As Game of Thrones approaches the launch of its final season, fans are attempting to cope with the fact that seven seasons' worth of set-up will soon culminate in just six episodes of action. With the multi-layered nature of the show’s plot, it’s understandable that even the most dedicated of viewers could use a refresher on everything that’s happened so far - and how those events will prove impactful as the series reaches its conclusion.
The eighth and final season of Game of Thrones begins airing on HBO on April 14, 2019. While the list of living characters has dwindled, there are still more than a dozen major players active in the plot, and each of them will be completing arcs that have spanned across multiple seasons. By looking at where these characters began, fans can gain perspective on just how far each of them has come.
After traveling with the Hound for much of Season 4, Arya Stark is offered the opportunity to be rescued by Brienne of Tarth. Rather than accept the protection of yet another strange adult, Arya finally decides to strike out on her own - a path that takes her across the Narrow Sea to Essos.
At the fourth season’s conclusion, Arya leaves the Hound to perish and cashes in on the mysterious Braavosi coin given to her by Jaqen H’ghar. The token buys Arya passage to Braavos and into the House of Black and White, a temple in which she learns the arts of combat and face-changing.
This training proves vital to the formation of Arya as she exists heading into Season 8 - a shapeshifting cutthroat with a heart of stone and a long list of targets.
The early seasons of GoT feature precious few glimpses of the White Walkers, making the overall looming threat of the series all the more mysterious. Season 4 includes one of the earliest glimpses into White Walker culture, and it’s as intriguing as it is terrifying.
Following the chaos at Craster’s Keep, a White Walker is shown carrying Craster’s infant son into the far north of the continent. After being delivered to the Night King, the baby undergoes a process that seems to transform it into a White Walker - the first direct hint of the Others' supernatural origins.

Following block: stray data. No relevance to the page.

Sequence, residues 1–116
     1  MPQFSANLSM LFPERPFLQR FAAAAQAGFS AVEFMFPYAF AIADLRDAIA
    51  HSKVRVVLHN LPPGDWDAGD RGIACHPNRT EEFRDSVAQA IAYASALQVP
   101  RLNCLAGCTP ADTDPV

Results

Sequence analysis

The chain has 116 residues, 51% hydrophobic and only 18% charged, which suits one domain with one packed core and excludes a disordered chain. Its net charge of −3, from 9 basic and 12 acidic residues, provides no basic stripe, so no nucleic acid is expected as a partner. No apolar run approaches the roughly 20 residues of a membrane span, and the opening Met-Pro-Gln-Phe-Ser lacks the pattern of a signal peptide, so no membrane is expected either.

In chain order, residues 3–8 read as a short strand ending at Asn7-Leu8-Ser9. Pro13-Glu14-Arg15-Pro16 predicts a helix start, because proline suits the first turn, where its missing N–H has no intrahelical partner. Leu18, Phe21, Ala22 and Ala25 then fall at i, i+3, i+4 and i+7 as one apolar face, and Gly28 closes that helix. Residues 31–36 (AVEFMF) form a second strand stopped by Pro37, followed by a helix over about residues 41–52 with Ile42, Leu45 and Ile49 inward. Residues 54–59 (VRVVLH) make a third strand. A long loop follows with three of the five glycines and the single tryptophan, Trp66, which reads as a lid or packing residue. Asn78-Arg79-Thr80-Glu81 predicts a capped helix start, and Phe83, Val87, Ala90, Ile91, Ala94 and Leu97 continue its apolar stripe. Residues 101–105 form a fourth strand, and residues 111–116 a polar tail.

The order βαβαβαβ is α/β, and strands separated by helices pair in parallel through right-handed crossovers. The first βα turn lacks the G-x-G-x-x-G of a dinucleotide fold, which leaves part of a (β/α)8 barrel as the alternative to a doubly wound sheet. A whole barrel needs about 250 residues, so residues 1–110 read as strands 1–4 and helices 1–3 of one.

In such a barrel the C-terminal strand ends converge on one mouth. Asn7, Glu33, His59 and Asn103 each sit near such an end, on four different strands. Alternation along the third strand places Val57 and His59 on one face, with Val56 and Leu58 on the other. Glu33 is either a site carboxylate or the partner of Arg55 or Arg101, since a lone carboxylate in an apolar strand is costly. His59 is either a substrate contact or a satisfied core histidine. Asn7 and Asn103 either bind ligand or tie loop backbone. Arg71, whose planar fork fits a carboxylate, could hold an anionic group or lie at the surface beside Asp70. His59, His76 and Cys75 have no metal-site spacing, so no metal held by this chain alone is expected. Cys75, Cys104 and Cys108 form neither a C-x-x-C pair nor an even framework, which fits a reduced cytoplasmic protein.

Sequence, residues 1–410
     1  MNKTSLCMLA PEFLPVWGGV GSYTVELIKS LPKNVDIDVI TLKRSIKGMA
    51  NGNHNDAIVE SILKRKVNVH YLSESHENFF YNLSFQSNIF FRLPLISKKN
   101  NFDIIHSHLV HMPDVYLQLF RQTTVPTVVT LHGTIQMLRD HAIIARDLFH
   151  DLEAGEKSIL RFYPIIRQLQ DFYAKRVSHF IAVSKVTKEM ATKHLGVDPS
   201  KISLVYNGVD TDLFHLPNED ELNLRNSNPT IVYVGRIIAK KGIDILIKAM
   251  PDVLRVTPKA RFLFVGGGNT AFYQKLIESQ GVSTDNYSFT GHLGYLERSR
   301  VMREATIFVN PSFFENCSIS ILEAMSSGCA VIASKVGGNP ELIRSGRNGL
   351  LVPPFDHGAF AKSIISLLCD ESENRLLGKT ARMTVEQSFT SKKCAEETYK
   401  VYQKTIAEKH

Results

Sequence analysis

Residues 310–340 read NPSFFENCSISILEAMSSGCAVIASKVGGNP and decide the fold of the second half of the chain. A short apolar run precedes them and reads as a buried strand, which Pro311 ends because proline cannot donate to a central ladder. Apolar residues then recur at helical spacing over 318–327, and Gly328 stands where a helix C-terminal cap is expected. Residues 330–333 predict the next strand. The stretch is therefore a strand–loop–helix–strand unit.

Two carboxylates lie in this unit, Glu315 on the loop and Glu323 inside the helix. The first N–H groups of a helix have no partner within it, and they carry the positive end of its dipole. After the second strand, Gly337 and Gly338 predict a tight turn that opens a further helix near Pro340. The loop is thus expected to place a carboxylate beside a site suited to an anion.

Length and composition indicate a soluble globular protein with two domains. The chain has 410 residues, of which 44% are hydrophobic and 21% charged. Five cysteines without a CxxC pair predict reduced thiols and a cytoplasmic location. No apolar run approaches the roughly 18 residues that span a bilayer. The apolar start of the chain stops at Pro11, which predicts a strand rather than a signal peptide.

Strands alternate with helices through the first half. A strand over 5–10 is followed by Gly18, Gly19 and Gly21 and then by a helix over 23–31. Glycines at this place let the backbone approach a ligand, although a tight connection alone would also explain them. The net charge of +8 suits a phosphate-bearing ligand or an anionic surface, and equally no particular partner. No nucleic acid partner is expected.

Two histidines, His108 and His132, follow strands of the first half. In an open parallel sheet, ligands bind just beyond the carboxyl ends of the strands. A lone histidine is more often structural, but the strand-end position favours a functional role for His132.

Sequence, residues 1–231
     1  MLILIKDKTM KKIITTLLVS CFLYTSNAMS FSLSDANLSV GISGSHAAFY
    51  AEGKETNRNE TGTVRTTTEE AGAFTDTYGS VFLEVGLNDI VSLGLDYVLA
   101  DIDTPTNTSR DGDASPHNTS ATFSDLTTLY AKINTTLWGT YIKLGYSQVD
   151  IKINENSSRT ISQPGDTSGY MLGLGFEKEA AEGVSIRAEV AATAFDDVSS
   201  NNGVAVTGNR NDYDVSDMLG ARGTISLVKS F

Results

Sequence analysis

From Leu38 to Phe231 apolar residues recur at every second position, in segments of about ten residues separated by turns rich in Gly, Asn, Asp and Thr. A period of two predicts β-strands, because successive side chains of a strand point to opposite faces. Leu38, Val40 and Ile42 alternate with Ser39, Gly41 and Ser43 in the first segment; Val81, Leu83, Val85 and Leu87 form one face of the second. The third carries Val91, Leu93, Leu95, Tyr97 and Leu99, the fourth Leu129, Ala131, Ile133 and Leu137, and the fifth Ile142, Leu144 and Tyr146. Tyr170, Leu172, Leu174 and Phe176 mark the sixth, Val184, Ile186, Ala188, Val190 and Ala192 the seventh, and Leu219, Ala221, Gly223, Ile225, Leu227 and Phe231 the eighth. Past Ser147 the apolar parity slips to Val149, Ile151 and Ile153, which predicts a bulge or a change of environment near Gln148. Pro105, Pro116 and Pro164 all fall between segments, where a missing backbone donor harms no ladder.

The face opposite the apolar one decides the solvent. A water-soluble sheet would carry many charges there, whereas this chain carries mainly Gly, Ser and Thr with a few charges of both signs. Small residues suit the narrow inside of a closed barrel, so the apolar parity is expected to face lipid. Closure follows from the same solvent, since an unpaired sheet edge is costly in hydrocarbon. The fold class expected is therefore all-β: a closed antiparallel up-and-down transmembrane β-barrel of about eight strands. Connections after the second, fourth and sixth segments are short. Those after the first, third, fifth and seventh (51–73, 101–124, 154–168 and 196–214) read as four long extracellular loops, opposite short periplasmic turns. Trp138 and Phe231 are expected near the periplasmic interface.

With Season 8 set to center primarily around the conflict between humanity and the White Walkers, it’s important to keep in mind that the frosty foes all began as humans themselves.
The entirety of Season 4's ninth episode is dedicated to the Night’s Watch and their desperate attempt to protect Castle Black from a Wildling onslaught. Jon Snow and his compatriots are ultimately successful, but at a terrible cost: several brothers are lost to the battle, as is Ygritte, Jon’s love.
The grace shown by Snow to his Wildling opponents in the wake of this fight sets the stage for the betrayal of the Night’s Watch mutineers, which in turn leads to Jon’s demise, resurrection, and exit from the Night’s Watch.
His fair treatment of Tormund Giantsbane and the other surviving Wildlings also lays the groundwork for the grand northern alliance which Jon heads leading up to Season 8 - he is not only King in the North but also head of a united front against the White Walkers.
Season 4 sees Bran Stark, the Reed twins, and faithful Hodor journey north of the Wall and directly into some serious trouble. Bran and his compatriots encounter some mutinous members of the Night’s Watch at Craster’s Keep during a turbulent scene that has them almost - but not quite - cross paths with Jon Snow. In the end, Bran keeps his friends safe by “warging” into Hodor and forcing the gentle giant to break a man’s neck.
The warging of another human being represents an important ethical line crossed by Bran, one he first dealt with in Season 3. While the first time could be considered an accident, Season 4 sees Bran purposefully use his power on another person - to say nothing of what he does while controlling Hodor’s body. Though he was acting in self-defense, this action marks the beginning of a more ethically ambiguous Bran, one that doesn’t mind surveying time and space as the Three-Eyed Raven by the time Season 8 rolls around.
Bran eventually uses his warging power to travel into and alter the past, dooming Hodor and his own moral compass in the process.